This timeline chronicles not only personal events in the life of Frances Ellen Watkins Harper, but also literary milestones and historical landmarks that occurred during her lifetime. In it, Frances E. W. Harper will be referred to as Watkins until her marriage to Fenton Harper in 1860. The ages that follow each year refer to Harper’s age at the given time.
1825 – Frances E. Watkins, daughter of free black parents, born in Baltimore, Maryland on September 24, 1825
1828 – 3yr – Watkins is orphaned and relocates to live with Aunt and Uncle Watkins
1829 – 4yr – Frances Wright begins publication of The Free Enquirer
1833 – 8yr – Lydia Maria Child, Appeal in Favor of That Class of Americans Called Africans
1834 – 9yr – American Female Moral Reform Society (AFMR) formed
1835 -10yr – Lydia Maria Child, A History of the Condition of Women
1836 – 11yr – Catharine Ester Beecher, Letters on the Difficulties of Religion
1837 – 12yr – Ralph Waldo Emerson, “An Oration”
1838 – 13yr – Underground Railroad organized
1839 – 14yr – The mill girls of Lowell, Massachusetts, begin publishing The Lowell Offering, a monthly magazine of poetry, fiction and essays
1846 – 21yr – Watkins, Forest Leaves
1847 – 22yr – Charlotte Bronte, Jane Eyre and Emily Bronte, Wuthering Heights
1849 – 24yr -Harriet Tubman escapes to the North and begins working with the Underground Railroad. Tubman helps at least 300 slaves to escape before the Civil War; during the war, she worka as a nurse, cook, laundress, and, it is said, as a spy behind Confederate lines for the Union forces. Hawthorne publishes The Scarlet Letter.
1850 – 25yr – Watkins taught sewing as the first female teacher at Union Seminary in Columbus, Ohio
1851 -26yr – Watkins works as a teacher in Little York, Pennsylvania. Melville pens Moby Dick;
Harriet Beecher Stowe, Uncle Tom’s Cabin.
1852 -27yr – Watkins, The Two Offers
Frederick Douglass, “The Heroic Slave”
1853 -28yr – Watkins moves to Philadelphia. Her poem, “Eliza Harris,” is published in Frederick Douglass’ Paper on December 23, 1853. Her poems “Saved by Faith,” “The Contrast,” and “The Drunkard’s Child” are employed by the Maine Anti-Slavery Society to carry the abolitionist message across New England to audiences that included women and men of all races and backgrounds. Paulina Davis publishes Una, the first women’s rights magazine in the U.S., and Thoreau authors Walden.
1854 – 29y – The second edition of Watkins’ Poems on Miscellaneous Subjects is released.
1855 – 30yr – Walt Whitman, Leaves of Grass
1858 -33yr – Harper writes “Bury Me In A Free Land.” Lincoln is nominated to oppose Stephen Douglas for the Senate. The Lincoln-Douglas debates take place. Darwin, The Origin of Species and Harriet Wilson Our Nig, first novel by an African-American woman, are published.
1859 -34yr- Frances Ellen Watkins Harper publishes “The Two Offers” in AngloAfrican. She writes to Mary Brown, wife of John Brown, on November 14, 1859.
1860 -35yr- Abraham Lincoln elected U.S. president. Watkins marries Fenton Harper from Cincinnati, Ohio. [Note: She will be referred to as Harper on the timeline after this date.]
1861 -36yr – Civil War begins. Harper writes the poem “To the Union Savers of Cleveland.” Harriet Davies publishes Incidents in the Life of a Slave Girl.
1862 -37yr – Harper settles in Columbus, Ohio where her daughter Mary is born.
1864 -39yr – Harper’s husband dies. President Lincoln is assassinated and Andrew Johnson becomes U.S. president. The Civil War ends. Harper writes Moses: A Story of the Nile. Carroll publishes Alice’s Adventure in Wonderland.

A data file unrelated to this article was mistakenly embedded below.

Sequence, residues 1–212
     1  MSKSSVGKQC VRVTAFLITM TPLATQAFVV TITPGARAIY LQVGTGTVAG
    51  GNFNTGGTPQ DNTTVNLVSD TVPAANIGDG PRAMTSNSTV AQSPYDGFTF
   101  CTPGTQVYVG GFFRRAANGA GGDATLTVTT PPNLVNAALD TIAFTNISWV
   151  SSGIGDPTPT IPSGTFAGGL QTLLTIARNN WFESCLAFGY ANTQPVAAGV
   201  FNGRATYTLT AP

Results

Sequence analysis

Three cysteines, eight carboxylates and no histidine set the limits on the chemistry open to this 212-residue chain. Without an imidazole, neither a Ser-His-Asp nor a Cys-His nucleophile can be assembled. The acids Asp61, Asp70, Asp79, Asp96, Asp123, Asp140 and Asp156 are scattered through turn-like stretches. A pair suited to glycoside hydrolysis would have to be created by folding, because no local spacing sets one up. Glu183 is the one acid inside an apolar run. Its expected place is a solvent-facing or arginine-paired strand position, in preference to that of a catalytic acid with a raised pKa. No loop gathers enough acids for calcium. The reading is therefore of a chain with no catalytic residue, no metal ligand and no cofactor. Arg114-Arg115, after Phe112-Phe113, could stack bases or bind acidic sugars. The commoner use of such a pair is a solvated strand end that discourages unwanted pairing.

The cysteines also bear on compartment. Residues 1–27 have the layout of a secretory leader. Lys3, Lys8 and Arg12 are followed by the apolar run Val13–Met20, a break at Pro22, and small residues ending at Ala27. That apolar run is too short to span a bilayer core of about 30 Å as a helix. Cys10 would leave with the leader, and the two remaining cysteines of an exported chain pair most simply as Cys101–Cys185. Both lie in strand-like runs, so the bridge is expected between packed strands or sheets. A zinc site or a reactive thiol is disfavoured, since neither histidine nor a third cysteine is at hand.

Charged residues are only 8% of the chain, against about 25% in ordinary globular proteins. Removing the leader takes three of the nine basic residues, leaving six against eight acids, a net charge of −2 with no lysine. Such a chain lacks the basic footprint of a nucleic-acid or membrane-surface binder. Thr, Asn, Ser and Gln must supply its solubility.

1865 -40yr – 13th Amendment to the Constitution, abolishing slavery, goes to the states for ratification
1866 -41yr – The Civil Rights Act of 1866
1867 -42yr – Harper begins her southern lecture tours which continue until 1871. The Suffrage Association founded.
1869 -44yr – Harper, Minnie’s Sacrifice
1870 -45yr – Harper moves to 1008 Bainbridge Street in Philadelphia – Congress enacts the “Ku Klux Klan Act of 1870” or “Enforcement Act” to stop southern white resistance to the power African Americans have gained during Reconstruction.
1874 -49yr – Harper writes poems “The Tennessee Hero,” “Free Labor,” “Lines,” “The Dismissal of Tyng,” “The Slave Mother, a Tale of the Ohio,” “Rizpah, the Daughter of Ai,” and “Ruth and Naomi”
1871 – 46yr – Harper releases Poems
1875 -50yr – Civil Rights Act states that no citizen can be denied equal use of public facilities.
1880 -55yr – Harper, another edition Poems
1881 -56yr- Clara Barton founds the National Society for the Red Cross
1883 -58yr – Harper writes “Eliza Harris”
1885 – 60yr –The Washington Monument in Washington D.C. dedicated after 36 years of construction.
1886 – 61yr – Statue of Liberty dedicated in New York Harbor on October 28, 1886.
1887 -62yr – Harper releases Sketches on a Southern Life
1889 -64yr – Harper authors “For the 25th Anniversary of The Home for Aged and Infirm Colored Persons”
1890 -65yr – Emily Dickinson, Poems
1891 -66yr – Harper, poem “In Commemoration of the Centennial of the A. M. E. Church”
1892 – 67yr – Harper, Iola Leroy; or Shadows Uplifted and poem “To Bishop Payne”
1894 -69yr – Harper, The Martyr of Alabama
1895 -70yr – Harper writes a series of poetry collections: The Sparrow’s Fall and Other Poems, Poems, and Atlanta Offering: Poems
1896 -71yr – National Association of Colored Women formed
1899 -74yr – Harper, poem “The Vision of the Czar of Russia”
1901 -76yr – Harper, Idylls of the Bible
1902 -77yr – The Free Colored People of North Carolina association formed
1903 -78yr – DuBois, The Souls of Black Folk
1909 -84yr – W. E. B. DuBois (1868-1963) helps to found the National Association for the Advancement of Colored People (NAACP).
1911 – 86yr – Frances Ellen Watkins Harper dies at the age of 86.